For seasonal festivals, shows and events, there is nowhere better to be than Quebec. Food festivals. Holiday shows. Performances and events a plenty. There is something new to do every day here during winter. However the pinnacle of all Canada's winter festivals is the Quebec winter carnival, Le Carnaval de Québec. It is one of the world's largest winter festivals and includes parades, parties, ice sculptures, sleigh races, shows, amusement rides and more.
What to bring to Le Carnaval de Québec?
Why your appetite? The carnival also includes the "Bain de Neige" or snow bath. The unique challenge is something unique that you won't soon forget!
When it comes to general outdoor activities and family fun, Mississauga, Ontario is a great choice. There is plenty of great ways to pass the days outside. Some of their most popular activities include tobogganing, snow-shoeing, cross-country skiing, and ice skating. Of course there are also lots of great festivals, events and even indoor activities as well. Just don't forget:
One final note: do not bring any cotton clothing. Cotton (including blue jeans) absorbs moisture and when combined with the cold, snowy Canadian winter, can easily cause hypothermia.
Colors are changing and the temperature is dropping, which means it's time for a quick trip before the winter comes and the holiday season begins.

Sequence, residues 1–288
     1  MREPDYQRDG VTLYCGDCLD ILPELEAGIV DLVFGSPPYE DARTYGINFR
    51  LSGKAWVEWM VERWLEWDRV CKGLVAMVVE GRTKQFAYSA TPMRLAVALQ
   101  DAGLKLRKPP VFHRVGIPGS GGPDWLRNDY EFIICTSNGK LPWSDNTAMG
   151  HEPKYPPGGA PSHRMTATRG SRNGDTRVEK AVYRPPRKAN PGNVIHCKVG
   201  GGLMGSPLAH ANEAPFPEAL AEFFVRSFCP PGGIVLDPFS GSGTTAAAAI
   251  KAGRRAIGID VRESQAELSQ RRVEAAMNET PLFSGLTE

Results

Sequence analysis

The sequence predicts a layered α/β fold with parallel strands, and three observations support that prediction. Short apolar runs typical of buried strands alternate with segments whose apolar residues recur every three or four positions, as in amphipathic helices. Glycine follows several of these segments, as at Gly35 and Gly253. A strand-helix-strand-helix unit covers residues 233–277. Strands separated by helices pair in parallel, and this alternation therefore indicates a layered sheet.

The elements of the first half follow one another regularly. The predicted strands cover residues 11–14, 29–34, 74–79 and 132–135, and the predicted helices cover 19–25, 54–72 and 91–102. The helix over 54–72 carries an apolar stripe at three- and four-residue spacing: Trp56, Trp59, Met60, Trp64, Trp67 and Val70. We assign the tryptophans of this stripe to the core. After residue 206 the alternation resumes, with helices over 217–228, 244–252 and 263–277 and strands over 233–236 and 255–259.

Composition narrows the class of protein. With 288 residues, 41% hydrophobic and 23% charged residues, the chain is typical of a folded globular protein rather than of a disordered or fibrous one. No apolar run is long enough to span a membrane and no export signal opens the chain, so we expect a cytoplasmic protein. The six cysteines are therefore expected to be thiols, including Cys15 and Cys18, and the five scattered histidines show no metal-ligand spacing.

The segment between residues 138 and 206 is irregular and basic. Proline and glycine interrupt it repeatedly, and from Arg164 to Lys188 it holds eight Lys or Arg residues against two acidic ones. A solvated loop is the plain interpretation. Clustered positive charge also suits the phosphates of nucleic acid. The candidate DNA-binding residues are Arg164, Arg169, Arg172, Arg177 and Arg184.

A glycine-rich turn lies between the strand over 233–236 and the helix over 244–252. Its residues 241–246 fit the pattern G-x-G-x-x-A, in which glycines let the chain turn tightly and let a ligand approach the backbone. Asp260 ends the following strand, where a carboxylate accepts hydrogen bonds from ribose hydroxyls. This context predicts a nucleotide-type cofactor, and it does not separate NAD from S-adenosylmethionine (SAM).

Want to visit New York City but not sure you want to be in the heart of the chaos? Then the Best Western Plus Robert Treat Hotel in Newark, just a few miles from NYC, is the place for you. This location is especially convenient for road-trippers and people with an RV, as they offer free on-site parking, and there is plenty of public transportation nearby to get you anywhere you want to go. The hotel also boasts the Zagat rated, AAA Three Diamond fine dining restaurant, Maize, as well as plenty of amenities like a fitness center, free Wi-Fi, and free breakfast.
The whiskey bar at the Soho Grand Hotel -- image via mmmeeks
Hotels in NYC don't get much more stylish than the Soho Grand Hotel on West Broadway, where hip and luxury merge in an exquisite example of what a hotel should be. Everything about this hotel from the art to the architecture has been custom designed to perfectly reflect Soho, one of NYC's most iconic neighborhoods. Rooms feature custom furniture and high-end appliances, including an iPad and iPod, both custom loaded with everything you need to make the most of your time in Soho. The hardest part about staying here is leaving the hotel.